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This was Run–D.M.C.'s first single. It became a club favorite along with its popular B-side "Sucker M.C.'s."
The song was written by the group's rappers, Joseph "Run" Simmons and Darry "D.M.C." McDaniels, and their producer, Larry Smith. There are no samples on the track, which was programmed on a Oberheim DMX synthesizer with vocal punctuations mixed in. It was Simmons who came up with the idea for the song after studying Kurtis Blow and getting encouragement from his older brother Russell (Blow's manager), who encouraged him to tell stories in his raps and give them a wide appeal through universal themes. "I thought I'd just tell people what the world is like, and how to improve themselves," said Run. "This was the seed idea for 'It's Like That.'"
This was the song that convinced Russell Simmons to work with the group. His younger brother Joseph (Run) had been pestering him for a while, but Russell insisted he finish high school before making a record. Run and D.M.C., who hadn't yet teamed up with Jam Master Jay, worked to together on "It's Like That," with D.M.C. adding some lyrics and hooks to Run's song. The pair graduated high school and went to separate colleges: Run to LaGuardia Community College (studying mortuary science) and D.M.C. to St. John's University. Teaming up with Jam Master Jay, they recorded this song with Russell's Rush Productions, getting lots of help from Rush's musical director Larry Smith. Russell was so impressed with the track that he sent them on his Fresh Fest tour with Newcleus and Whodini, and helped them record their debut album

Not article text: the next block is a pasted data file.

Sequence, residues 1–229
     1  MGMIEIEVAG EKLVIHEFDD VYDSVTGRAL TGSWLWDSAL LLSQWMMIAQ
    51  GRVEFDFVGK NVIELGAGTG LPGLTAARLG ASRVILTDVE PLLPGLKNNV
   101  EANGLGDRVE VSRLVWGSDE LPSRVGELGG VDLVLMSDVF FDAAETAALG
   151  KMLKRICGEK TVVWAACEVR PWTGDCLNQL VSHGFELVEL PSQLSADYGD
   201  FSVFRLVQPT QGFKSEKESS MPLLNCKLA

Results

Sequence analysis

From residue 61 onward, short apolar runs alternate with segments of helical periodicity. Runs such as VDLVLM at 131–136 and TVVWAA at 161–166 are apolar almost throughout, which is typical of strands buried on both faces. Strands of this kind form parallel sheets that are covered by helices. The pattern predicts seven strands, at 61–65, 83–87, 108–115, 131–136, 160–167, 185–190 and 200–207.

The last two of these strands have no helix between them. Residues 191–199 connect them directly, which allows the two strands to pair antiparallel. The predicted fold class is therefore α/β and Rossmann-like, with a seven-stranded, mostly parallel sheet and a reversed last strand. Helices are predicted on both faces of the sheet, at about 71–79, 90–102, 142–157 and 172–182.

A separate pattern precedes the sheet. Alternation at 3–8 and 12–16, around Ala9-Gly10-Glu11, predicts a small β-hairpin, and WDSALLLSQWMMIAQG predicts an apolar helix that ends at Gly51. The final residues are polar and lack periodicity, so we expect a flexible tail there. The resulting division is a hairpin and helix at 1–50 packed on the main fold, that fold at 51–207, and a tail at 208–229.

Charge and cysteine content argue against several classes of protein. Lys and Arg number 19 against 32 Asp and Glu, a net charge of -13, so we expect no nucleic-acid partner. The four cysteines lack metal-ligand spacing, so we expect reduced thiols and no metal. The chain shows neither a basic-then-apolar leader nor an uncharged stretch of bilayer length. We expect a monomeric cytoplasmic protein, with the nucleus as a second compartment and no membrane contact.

In 1998, House music producer Jason Nevins remixed this, and the new version became the most successful rap single in the UK, spending 6 weeks at #1 and topping the charts in 30 other countries including Germany. Nevins received a standard fee of $5000 for his efforts.
When this reached #1, Run DMC became the first band to wait for over 10 years between their first hit ("Walk This Way
" in 1986) and their first chart topper in the UK.
Rupert crafted hits for Tina Turner, Howard Jones and The Fixx.
Cy Curnin of The Fixx
The man who brought us "Red Skies" and "Saved By Zero" is now an organic farmer in France.
Susanna Hoffs - "Eternal Flame"
The Prince-penned "Manic Monday" was the first song The Bangles heard coming from a car radio, but "Eternal Flame" is closest to Susanna's heart, perhaps because she sang it in "various states of undress."